• Generic characters. Perhaps it’s because I’m familiar with the older games, but right now all of the characters feel generic and “safe.” Same races and similar roles that populated the original trilogy, albeit with less of a military focus. This will assuredly change as I progress, I mean we are exploring a brand new galaxy, right!

 

  • Controls. My last complaint, though it’s actually my biggest one too, is a through-line across all Mass Effect games. The controls are not good. They are still “loose” and never as responsive as I’d like. It doesn’t feel as good as other third-person action games. (Then again, it never did.) I don’t think there’s an easy way to swap weapons, or the game doesn’t go a good job of communicating if there is. Plus navigating the game’s variety of menu screens is tedious and cumbersome, not as snappy as it could be. Not to mention the fact that I have to press multiple buttons to even view the map in a game that’s based around exploration is beyond me.

 

 

All in all, I am mostly enjoying my time with the game despite its glaring flaws especially its frustrating controls. I’m planning on playing it more and seeing it through to completion, no doubt, as it appears BioWare has crafted a robust space RPG with just a few super rough edges.

 

 

As for sales, let’s jump right into fun prediction time: I expect the game to sell around 4 million copies during 2017. Then, it will have upside of 6.5 – 7 million worldwide during its lifetime, implying I think around 60% of its overall sales should take place this year. If it hits this amount, it would be the best-selling game in the storied franchise.

 

Why, you ask? This is my best guess based on the publisher’s own launch expectations, historical sales plus the current install base and environment of the latest generation of gaming consoles.

 

According to its most recent earnings call, EA itself anticipates the title will sell 3 million units to consumers within its launch week and up through the end of March. We can compare this figure to the launch numbers that EA presented for its earlier titles, though it’s not a perfect analogy of course since these will be shipped figures: Mass Effect 2 shipped 2 million launch week, while Mass Effect 3 shipped 3.5 million in the same type of time frame. Caveat being that not all of them sold, but it gives a good indication of the supply factor.

 

Going further, EA also said the launch figure of 3 million sold will be around “30% to 50%” of its lifetime sales, which implies a range of 6 to 10 million copies sold when all is said and done. As you’ll see, I’m leaning towards the lower range of this guidance.

 

To me, even these days when games have longer life-cycles due to offering downloadable content, ongoing multiplayer events or discounts, I still expect at least half of a game’s sales to happen near launch if not more. Especially for a game with a massive focus on single-player campaign launching early in the year, when there are less “blockbuster” titles. (You could argue this year has more early competition than usual, between Horizon: Zero Dawn, Zelda: Breath of the Wild, For Honor etc but it’s still less busy than a fall release slate.)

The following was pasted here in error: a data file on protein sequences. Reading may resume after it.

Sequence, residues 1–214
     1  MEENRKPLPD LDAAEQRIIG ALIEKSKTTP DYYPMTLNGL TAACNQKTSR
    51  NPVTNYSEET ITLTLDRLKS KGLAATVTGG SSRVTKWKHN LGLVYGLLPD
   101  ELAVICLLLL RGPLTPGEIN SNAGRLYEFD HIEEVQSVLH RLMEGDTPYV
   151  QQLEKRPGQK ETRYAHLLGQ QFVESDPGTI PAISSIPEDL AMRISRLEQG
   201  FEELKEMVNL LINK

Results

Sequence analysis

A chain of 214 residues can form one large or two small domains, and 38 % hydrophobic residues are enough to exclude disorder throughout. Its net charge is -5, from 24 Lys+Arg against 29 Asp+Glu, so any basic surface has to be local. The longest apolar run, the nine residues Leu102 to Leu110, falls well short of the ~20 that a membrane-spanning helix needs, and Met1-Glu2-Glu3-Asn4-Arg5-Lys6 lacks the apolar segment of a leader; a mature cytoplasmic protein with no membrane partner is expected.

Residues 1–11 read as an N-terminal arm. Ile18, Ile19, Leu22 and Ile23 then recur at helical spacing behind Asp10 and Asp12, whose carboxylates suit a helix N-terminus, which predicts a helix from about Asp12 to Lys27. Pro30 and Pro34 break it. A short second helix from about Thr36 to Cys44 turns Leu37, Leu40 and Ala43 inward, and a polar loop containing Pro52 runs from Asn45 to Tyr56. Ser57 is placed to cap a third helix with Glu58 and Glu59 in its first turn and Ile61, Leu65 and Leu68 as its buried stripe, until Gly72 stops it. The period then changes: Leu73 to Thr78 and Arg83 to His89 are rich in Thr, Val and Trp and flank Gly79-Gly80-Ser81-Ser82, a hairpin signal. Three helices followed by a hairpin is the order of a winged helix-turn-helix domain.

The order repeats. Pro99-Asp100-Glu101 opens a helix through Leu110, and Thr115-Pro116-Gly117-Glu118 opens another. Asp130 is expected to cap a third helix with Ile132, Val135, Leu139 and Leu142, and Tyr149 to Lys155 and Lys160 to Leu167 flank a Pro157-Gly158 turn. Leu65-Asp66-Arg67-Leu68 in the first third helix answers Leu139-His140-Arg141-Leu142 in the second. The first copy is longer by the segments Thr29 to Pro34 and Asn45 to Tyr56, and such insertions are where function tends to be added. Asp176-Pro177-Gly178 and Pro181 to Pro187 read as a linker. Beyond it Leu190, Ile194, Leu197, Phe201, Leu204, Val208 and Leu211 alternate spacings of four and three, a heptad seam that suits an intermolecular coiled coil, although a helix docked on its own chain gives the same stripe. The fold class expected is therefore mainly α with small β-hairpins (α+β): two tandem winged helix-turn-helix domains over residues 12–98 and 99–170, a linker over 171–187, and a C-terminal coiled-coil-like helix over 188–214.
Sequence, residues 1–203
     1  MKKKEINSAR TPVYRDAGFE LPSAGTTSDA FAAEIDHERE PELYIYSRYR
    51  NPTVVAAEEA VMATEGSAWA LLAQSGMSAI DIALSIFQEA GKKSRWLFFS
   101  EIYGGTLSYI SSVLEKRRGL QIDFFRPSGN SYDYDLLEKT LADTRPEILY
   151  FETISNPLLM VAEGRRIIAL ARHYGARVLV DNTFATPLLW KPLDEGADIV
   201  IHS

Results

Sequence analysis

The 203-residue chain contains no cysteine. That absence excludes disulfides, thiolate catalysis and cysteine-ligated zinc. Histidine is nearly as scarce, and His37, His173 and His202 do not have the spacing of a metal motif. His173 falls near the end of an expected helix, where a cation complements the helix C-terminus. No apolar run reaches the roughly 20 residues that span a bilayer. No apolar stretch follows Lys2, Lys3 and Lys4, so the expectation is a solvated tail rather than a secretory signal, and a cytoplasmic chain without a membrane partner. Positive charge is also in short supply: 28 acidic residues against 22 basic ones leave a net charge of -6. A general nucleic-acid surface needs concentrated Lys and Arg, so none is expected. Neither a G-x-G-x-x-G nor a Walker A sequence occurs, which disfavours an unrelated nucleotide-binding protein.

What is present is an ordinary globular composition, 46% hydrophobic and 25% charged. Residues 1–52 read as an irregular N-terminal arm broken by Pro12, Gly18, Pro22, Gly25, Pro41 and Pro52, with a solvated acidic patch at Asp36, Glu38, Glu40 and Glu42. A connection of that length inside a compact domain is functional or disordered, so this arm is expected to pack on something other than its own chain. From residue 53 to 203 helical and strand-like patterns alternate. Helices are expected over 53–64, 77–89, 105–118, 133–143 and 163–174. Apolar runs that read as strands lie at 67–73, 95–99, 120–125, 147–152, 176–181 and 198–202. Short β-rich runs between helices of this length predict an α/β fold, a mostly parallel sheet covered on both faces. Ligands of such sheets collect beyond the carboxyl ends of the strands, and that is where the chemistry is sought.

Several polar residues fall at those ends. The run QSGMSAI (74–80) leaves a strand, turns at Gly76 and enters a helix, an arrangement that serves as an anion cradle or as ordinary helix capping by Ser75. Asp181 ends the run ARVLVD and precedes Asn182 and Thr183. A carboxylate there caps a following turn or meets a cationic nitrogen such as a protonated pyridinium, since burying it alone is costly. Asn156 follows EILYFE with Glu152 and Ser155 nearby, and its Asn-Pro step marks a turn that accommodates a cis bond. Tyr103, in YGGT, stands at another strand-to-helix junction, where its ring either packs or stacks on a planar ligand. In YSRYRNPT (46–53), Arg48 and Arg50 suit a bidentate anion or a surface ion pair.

After the launch window, I’d expect the natural bump near the year-end holidays for most triple-A franchises, including one as well-known as Mass Effect. Between launch week sales and those throughout the year with a skew toward the holidays, 4 million sounds reasonable for 2017.

 

As for my lifetime sales estimate of up to 7 million, I mentioned this would make it the best-selling game in the franchise to date even though it’s technically below EA‘s guidance. We know Mass Effect 3 moved around 6 million copies, its publisher just said so on the same earnings call, then historical figures show Mass Effect likely sold 3.2 million implying Mass Effect 2 at roughly 4.8 million considering the franchise figure of more than 14 million was announced a couple years back.

 

 

The reason I’m coming in at the “lower” end of EA‘s guidance is I think some folks have been turned off over the years due to the game’s flaws or how Mass Effect 3 ended, and the series is already divisive enough to this day as illustrated by Mass Effect: Andromeda’s mixed previews. Not to mention 2017 is shaping up to be one of the best years for gaming in recent memory, with stiff competition if games like Red Dead Redemption 2, Super Mario Odyssey, Destiny 2, Assassin’s Creed “Egypt” and more release in the 2nd half. I’d rather be conservative on sales, despite being mostly optimistic about my own enjoyment of the game.

 

Have you played the Mass Effect series, including this latest game in a preview or trial? Did you find it to be enjoyable, or were put off by certain aspects? Are you bullish on its sales potential, or conservative in today’s climate? Feel free to comment or get in touch on Twitter.

 

Sources: Electronic Arts, BioWare, Polygon, Motley Fool

 

Note that screenshots above were taken by me on an Xbox One, except for the photo of the woman character named Foster Addison, which is sourced from Polygon.

 

-Dom